Class of 1975

Following graduation with the Class of '75, I moved from Ontario to British Columbia, articling with the Provincial Attorney General in Victoria and then clerking for the Supreme Court of British Columbia. In the spring of 1977, I began searching for gainful employment as a lawyer. At some law firms I encountered questions such as, "Do you intend to practice law or to have a family?" In the fall of 1977, I joined the Vancouver Regional Office of the Department of Justice, which did not ask such questions. There were not many female lawyers there at the time. The few women lawyers in the office were eventually accepted by our male colleagues as "honorary men", although we had good reason to believe that there were "girl files" and "boy files", and in order to enter certain establishments in town with our male colleagues we were required to utilize separate entrances.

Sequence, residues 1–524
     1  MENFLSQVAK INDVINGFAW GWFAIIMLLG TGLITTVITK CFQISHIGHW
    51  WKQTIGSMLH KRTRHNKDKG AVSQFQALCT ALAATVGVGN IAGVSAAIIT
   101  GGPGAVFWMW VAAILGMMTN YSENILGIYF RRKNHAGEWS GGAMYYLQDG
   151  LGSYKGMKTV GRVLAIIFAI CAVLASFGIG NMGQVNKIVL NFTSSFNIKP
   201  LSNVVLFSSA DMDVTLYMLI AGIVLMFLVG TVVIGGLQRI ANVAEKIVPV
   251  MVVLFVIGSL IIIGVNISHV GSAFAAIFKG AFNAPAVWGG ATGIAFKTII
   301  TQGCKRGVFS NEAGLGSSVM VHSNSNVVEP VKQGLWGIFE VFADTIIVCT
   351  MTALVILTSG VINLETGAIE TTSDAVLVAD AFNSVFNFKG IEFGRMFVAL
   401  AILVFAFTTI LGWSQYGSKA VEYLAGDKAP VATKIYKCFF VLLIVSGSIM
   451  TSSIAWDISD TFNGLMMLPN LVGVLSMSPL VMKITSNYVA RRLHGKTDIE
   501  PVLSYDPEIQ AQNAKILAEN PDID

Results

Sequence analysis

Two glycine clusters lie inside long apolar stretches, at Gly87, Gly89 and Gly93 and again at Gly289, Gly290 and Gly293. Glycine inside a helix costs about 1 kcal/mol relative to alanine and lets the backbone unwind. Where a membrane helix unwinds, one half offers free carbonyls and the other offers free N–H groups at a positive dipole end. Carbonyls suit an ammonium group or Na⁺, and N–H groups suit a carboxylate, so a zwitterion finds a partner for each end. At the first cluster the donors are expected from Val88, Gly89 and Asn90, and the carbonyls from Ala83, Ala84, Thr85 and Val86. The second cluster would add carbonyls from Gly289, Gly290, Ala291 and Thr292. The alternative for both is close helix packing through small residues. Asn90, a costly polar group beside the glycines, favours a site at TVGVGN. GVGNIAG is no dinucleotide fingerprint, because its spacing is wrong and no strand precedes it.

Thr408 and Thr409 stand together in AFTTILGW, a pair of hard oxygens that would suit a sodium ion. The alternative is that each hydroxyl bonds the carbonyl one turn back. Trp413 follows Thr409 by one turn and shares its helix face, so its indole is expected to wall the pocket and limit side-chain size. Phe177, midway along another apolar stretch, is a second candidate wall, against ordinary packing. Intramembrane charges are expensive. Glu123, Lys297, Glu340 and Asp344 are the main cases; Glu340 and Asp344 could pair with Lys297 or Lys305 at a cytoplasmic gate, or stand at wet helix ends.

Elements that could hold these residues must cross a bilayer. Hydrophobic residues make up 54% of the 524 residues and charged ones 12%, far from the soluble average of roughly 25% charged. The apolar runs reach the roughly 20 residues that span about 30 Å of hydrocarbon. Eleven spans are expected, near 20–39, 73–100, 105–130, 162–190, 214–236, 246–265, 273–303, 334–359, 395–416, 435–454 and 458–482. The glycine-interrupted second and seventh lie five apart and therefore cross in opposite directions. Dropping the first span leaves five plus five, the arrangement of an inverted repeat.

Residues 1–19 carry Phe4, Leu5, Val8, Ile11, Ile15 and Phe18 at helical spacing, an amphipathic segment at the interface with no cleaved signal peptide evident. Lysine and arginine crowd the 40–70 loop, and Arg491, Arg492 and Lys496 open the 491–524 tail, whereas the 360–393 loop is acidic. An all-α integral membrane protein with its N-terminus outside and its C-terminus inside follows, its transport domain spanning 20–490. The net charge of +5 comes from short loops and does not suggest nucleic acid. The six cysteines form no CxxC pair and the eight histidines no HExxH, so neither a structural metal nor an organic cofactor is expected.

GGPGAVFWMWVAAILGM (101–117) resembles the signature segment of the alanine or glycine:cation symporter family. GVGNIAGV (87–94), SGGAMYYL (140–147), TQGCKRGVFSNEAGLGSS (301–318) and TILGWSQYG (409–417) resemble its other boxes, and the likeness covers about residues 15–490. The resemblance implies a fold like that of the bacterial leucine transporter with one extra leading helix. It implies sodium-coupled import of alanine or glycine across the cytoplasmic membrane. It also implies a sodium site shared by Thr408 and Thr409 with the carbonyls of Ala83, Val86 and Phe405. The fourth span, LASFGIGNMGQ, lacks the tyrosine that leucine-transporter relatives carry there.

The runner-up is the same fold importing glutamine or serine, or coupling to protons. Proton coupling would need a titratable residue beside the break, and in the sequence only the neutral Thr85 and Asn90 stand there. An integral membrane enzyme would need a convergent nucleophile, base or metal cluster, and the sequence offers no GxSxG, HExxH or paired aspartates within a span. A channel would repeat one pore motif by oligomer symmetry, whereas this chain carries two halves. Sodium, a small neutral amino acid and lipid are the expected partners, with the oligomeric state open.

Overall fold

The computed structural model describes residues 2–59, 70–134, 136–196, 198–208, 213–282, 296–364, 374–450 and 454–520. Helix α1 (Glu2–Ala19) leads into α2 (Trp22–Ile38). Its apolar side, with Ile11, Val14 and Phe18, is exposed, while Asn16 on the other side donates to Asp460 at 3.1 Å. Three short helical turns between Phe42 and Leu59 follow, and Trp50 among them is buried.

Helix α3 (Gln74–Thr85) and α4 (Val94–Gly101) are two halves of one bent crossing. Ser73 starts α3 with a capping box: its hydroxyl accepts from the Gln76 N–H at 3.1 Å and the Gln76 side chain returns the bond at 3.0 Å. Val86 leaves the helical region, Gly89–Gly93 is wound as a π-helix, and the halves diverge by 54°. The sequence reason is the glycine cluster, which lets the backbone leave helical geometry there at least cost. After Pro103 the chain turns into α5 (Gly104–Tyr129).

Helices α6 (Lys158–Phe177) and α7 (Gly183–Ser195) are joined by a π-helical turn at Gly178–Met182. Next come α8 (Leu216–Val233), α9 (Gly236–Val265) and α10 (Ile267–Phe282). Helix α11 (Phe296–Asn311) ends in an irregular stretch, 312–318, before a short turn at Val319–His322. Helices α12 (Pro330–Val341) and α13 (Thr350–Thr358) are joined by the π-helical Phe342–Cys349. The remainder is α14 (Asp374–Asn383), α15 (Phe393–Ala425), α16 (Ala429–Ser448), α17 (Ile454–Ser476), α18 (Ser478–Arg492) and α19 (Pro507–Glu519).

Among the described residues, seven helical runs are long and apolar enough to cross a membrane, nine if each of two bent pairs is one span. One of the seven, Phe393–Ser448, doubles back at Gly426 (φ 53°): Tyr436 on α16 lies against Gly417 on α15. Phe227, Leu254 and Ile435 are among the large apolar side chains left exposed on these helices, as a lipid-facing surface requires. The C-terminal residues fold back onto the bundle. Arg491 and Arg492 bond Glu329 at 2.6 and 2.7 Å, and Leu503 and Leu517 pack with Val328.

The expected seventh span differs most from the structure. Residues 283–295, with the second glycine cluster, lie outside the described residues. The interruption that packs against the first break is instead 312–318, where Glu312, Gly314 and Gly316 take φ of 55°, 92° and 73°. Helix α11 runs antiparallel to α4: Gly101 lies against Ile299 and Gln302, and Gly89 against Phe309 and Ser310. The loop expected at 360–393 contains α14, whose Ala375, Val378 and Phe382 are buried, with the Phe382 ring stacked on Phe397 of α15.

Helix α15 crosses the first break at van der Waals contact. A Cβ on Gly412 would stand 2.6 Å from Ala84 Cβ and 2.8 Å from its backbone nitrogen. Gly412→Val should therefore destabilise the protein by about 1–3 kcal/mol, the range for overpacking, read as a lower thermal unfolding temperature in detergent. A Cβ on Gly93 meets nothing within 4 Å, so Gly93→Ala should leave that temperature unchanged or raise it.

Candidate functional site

About a year after joining the Justice Department, my husband (law school classmate John Hunter '75) and I began a family. With the birth of the first of our three children, the challenges of balancing family life and career began. After a couple of years of struggling with putting these two aspects of my life together, I was fortunate to persuade the Department of Justice to permit me to reduce my work hours substantially for a considerable period of time. This was a concept that had not been entertained previously. Now, thirty years later, alternative work arrangements - working part-time, or working from home - are frequently accommodated in the public sector.

As the Director of the Citizenship, Immigration and Public Safety Law Section of the Department's B.C. Regional Office, I am now able to exercise my discretion to accept requests of women lawyers (and in a few cases, male lawyers) to adjust their work arrangements from time to time in order to assist them in juggling the demands of parenting or other family commitments, with the requirements of professional life. It gives me a good deal of satisfaction to serve as a mentor for younger lawyers who are making their way through their professional lives, and to facilitate some of them in reaching a satisfactory balance between competing demands in their particular personal circumstances.